Value

As Womak and Jones suggest in Lean Thinking the purpose of an organisation is to create and deliver value to customers and end users.  Value is defined as a capability defined by the customer/end user and provided to them at the right time and cost

As Ballard et al* note: Products have value only to the extent that they can be used to fulfil purposes.  A product may be said to be more valuable either if it allows greater fulfilment of purpose or fulfils purpose at less cost. A product that does not fulfil purpose has no value regardless of its cost. The cost of products is what must be sacrificed in exchange for their use and can be divided between cost to acquire and cost to use.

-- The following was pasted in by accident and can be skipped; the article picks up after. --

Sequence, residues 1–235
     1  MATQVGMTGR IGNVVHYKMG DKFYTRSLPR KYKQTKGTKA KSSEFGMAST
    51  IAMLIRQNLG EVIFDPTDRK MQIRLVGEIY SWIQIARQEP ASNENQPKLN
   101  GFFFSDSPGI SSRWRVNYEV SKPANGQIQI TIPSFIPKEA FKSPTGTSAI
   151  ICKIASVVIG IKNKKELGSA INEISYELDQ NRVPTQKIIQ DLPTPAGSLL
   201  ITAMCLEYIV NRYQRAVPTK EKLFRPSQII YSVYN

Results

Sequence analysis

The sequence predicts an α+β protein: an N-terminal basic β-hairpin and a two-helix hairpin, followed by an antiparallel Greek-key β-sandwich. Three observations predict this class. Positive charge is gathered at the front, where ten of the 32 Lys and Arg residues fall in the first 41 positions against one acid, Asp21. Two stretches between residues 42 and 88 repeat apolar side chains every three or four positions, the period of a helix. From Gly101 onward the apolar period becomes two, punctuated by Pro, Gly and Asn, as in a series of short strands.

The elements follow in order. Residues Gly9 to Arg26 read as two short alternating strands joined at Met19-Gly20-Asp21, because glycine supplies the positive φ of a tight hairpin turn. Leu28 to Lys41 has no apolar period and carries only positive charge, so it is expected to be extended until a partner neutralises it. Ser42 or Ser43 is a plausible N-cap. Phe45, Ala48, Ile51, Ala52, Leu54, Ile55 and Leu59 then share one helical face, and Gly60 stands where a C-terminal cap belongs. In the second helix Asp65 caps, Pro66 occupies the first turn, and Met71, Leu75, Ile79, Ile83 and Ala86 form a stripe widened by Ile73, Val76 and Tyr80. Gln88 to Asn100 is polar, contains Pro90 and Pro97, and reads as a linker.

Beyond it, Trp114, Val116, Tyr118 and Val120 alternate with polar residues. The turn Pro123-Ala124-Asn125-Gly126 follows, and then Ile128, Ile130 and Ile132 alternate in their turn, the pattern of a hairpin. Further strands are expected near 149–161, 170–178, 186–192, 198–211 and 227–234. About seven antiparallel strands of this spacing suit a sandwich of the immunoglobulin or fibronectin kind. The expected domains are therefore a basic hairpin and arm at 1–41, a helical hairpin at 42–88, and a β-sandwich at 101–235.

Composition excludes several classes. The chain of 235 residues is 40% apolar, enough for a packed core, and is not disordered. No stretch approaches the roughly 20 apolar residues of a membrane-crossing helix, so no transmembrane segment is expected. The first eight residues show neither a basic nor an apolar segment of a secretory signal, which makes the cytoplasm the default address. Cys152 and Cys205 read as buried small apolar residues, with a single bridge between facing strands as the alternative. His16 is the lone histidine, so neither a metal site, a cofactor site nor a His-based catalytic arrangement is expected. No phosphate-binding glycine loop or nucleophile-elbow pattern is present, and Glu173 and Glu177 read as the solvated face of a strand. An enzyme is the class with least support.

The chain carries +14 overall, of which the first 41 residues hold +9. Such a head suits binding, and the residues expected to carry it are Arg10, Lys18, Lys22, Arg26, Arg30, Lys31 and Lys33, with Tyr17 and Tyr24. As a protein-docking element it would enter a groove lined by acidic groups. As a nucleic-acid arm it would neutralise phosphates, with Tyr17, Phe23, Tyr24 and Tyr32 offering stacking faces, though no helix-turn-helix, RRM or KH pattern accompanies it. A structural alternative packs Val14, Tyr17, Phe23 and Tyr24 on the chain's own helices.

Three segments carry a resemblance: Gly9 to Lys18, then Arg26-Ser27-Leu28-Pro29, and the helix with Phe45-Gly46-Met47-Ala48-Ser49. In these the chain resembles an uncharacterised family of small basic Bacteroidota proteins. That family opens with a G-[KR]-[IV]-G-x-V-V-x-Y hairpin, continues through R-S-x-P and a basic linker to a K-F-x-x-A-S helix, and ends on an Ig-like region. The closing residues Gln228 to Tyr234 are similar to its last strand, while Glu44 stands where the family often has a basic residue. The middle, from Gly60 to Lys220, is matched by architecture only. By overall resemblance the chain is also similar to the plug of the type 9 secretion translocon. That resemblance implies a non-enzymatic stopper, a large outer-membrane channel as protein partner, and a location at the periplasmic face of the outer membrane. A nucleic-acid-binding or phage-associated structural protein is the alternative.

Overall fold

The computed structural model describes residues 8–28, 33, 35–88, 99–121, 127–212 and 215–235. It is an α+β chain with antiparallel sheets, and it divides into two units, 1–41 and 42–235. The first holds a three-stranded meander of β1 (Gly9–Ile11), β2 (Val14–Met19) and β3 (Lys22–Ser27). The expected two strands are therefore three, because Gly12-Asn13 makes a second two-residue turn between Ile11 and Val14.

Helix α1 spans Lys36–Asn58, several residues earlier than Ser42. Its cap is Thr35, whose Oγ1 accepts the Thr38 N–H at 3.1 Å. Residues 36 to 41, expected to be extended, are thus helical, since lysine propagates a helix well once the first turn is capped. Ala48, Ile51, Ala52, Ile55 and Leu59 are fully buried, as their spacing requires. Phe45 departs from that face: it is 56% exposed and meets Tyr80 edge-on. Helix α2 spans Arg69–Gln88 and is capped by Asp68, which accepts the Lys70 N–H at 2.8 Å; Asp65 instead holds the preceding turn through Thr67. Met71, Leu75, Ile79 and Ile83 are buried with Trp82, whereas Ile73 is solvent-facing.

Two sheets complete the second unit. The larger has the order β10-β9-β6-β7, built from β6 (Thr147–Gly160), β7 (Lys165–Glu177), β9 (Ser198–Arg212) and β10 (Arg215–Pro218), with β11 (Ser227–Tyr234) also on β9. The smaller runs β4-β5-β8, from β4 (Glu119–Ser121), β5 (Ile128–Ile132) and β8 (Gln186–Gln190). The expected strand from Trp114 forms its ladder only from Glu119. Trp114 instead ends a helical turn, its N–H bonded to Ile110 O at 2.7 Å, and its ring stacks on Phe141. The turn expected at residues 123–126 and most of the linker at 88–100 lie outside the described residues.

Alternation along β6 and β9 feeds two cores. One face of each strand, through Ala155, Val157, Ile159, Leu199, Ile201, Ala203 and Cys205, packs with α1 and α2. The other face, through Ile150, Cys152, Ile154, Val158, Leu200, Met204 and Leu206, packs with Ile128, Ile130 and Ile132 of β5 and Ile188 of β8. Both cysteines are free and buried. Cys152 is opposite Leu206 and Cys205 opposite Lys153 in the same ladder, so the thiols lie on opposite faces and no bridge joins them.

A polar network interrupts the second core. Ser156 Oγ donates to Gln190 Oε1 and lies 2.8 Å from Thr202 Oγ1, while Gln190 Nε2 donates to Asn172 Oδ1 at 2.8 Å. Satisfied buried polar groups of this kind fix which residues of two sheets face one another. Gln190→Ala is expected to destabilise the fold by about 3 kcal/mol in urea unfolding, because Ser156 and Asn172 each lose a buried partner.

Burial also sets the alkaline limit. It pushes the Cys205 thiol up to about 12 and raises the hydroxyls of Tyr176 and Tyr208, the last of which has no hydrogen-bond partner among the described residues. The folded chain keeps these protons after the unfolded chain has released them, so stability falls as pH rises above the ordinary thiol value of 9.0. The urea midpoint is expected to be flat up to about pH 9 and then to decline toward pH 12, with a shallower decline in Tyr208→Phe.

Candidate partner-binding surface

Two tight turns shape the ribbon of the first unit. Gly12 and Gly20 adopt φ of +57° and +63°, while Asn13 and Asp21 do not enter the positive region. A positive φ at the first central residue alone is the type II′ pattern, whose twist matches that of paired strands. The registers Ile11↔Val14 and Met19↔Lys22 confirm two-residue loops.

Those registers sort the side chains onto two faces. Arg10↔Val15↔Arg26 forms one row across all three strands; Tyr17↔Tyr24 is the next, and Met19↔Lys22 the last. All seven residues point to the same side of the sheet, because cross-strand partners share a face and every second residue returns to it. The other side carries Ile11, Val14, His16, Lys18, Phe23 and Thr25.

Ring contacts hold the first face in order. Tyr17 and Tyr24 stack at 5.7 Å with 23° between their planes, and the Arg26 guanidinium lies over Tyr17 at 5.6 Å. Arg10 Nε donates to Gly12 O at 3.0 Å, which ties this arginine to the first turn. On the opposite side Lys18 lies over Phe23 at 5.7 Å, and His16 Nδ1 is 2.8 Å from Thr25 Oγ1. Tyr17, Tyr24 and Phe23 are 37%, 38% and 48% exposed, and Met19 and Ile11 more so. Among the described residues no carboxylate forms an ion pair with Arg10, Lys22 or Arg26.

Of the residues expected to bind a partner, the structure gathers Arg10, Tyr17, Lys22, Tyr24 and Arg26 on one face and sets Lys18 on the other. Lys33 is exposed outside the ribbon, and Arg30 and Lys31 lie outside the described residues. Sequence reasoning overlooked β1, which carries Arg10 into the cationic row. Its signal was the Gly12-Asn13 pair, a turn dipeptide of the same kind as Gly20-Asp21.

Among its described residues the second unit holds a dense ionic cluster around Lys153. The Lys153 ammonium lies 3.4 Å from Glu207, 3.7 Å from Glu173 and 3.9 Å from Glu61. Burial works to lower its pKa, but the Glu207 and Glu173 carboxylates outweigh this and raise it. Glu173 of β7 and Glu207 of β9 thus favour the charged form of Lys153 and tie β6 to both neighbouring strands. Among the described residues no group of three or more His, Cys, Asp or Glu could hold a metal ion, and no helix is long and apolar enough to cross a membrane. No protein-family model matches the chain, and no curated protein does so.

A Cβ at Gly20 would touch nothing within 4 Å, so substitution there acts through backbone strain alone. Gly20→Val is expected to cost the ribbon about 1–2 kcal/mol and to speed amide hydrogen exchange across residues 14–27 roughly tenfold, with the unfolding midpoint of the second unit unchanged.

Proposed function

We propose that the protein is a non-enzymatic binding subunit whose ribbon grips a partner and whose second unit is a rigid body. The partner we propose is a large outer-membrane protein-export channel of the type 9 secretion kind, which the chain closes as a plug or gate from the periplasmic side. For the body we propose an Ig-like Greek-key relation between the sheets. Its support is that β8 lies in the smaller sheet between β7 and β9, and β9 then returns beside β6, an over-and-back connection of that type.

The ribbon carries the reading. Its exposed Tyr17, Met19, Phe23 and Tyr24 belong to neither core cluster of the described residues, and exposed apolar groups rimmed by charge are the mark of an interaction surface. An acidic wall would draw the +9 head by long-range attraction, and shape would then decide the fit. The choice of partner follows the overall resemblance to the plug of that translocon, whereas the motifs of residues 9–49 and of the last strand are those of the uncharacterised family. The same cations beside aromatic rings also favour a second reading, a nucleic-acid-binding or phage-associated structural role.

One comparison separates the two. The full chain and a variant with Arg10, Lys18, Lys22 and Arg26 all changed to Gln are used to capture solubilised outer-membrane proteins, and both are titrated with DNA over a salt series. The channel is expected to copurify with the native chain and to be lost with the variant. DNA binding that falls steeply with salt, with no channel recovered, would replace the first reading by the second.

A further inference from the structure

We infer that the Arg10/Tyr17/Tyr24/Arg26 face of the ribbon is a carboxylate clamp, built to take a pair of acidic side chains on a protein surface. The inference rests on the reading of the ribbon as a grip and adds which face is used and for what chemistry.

What construction owners/clients want is somewhere for people to learn, live, play, work, shop—or whatever the capability/end-use/purpose of the new or refurbished structure is.

Waste is anything that creates no value for the owner/client/end-user.  Notice that waste is defined in terms of value.  We can only know waste by knowing value first.  Thus, in theory at least, there is no absolute definition of waste, it is all relative.

from: Mossman, Alan (2009)
Creating value: a sufficient way to eliminate waste
in lean design and lean production?
Lean Construction Journal

*Ballard, Glenn, Lauri Koskela, Gregory Howell and Todd Zabelle (2001) Production System Design: Work Structuring Revisited LCI White Paper #11